Hypertrophic Herpes Simplex Virus in HIV Patients

March 2003 | Volume 2 | Issue 2 | Case Reports | 198 | Copyright © March 2003

William L. Fangman, MD; Caroline H. Rao, Md and Sarah A. Myers, MD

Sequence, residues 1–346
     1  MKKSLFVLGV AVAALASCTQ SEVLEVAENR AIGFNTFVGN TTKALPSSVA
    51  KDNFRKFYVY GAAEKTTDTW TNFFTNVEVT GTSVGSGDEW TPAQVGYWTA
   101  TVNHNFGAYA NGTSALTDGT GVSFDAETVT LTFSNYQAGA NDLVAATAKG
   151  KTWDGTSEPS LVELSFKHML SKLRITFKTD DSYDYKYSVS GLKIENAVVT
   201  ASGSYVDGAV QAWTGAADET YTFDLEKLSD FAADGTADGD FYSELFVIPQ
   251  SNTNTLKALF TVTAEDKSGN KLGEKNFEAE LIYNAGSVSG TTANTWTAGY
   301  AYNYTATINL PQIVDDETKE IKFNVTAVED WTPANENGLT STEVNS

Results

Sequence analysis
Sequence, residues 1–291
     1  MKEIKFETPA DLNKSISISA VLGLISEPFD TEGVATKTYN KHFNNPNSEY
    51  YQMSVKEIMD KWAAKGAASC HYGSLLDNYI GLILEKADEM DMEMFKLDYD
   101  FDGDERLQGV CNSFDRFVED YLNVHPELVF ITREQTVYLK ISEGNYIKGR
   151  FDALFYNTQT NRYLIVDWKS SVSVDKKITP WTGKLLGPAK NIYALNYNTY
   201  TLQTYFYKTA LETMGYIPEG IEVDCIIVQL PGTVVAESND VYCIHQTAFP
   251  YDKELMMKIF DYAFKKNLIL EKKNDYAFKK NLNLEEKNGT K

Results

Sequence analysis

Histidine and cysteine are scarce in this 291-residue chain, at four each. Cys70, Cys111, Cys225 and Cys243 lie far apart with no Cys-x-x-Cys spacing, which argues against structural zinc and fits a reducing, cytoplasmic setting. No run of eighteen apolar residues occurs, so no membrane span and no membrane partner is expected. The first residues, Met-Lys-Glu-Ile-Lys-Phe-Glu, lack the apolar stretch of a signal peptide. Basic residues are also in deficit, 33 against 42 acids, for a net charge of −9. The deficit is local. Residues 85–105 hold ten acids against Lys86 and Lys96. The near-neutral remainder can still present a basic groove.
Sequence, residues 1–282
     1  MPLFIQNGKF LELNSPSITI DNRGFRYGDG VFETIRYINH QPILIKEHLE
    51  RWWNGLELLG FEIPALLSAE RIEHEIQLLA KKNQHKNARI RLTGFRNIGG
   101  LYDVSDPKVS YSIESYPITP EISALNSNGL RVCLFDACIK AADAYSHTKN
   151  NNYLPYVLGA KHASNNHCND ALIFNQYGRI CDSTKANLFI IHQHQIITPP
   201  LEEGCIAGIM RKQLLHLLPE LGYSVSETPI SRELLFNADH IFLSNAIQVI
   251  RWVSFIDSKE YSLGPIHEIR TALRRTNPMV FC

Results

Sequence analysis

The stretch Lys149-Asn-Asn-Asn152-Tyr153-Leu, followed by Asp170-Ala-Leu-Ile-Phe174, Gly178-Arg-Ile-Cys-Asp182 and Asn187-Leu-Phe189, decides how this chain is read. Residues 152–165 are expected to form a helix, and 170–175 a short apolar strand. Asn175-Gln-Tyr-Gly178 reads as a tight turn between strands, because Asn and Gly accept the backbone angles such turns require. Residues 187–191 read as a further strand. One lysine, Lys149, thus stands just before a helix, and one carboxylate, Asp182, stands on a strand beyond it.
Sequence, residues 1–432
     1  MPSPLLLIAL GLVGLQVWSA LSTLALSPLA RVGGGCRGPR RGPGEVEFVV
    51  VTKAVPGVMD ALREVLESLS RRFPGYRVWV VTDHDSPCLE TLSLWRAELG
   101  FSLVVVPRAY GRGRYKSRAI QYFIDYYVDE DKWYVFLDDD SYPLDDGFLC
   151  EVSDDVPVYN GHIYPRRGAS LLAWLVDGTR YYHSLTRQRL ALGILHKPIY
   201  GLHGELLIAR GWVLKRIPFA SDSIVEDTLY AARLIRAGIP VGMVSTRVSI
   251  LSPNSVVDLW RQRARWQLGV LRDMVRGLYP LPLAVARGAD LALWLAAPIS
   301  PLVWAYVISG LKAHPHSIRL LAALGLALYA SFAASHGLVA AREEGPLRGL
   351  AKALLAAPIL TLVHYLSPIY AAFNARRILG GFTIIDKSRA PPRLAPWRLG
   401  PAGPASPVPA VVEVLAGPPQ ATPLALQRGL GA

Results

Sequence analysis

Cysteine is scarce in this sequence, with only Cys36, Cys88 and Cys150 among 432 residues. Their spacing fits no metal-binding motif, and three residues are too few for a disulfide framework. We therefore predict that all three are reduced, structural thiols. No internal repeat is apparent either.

Herpes simplex virus (HSV) is the most frequent sexually transmitted disease (STD) among persons seropositive for the human immunodeficiency virus (HIV)1. The typical presentations of cutaneous HSV are well known and rarely cause diagnostic difficulty. However, unusual manifestations of HSV infection are common in HIV patients and other immunocompromised individuals2,3. Only rare cases of chronic vegetant herpes simplex have been reported in the literature4,5. It is important to be aware of this atypical presentation, as smears or biopsy may not be sufficient for diagnosis. In addition, atypical presentations of HSV appear to be more common in patients already taking prophylactic acyclovir5,6,7. Therefore, these acyclovir-resistant viral isolates also commonly cause therapeutic challenges as well. We present an HIV positive patient with a past history of recurrent genital herpes infection that presented with an atypical hypertrophic HSV lesion.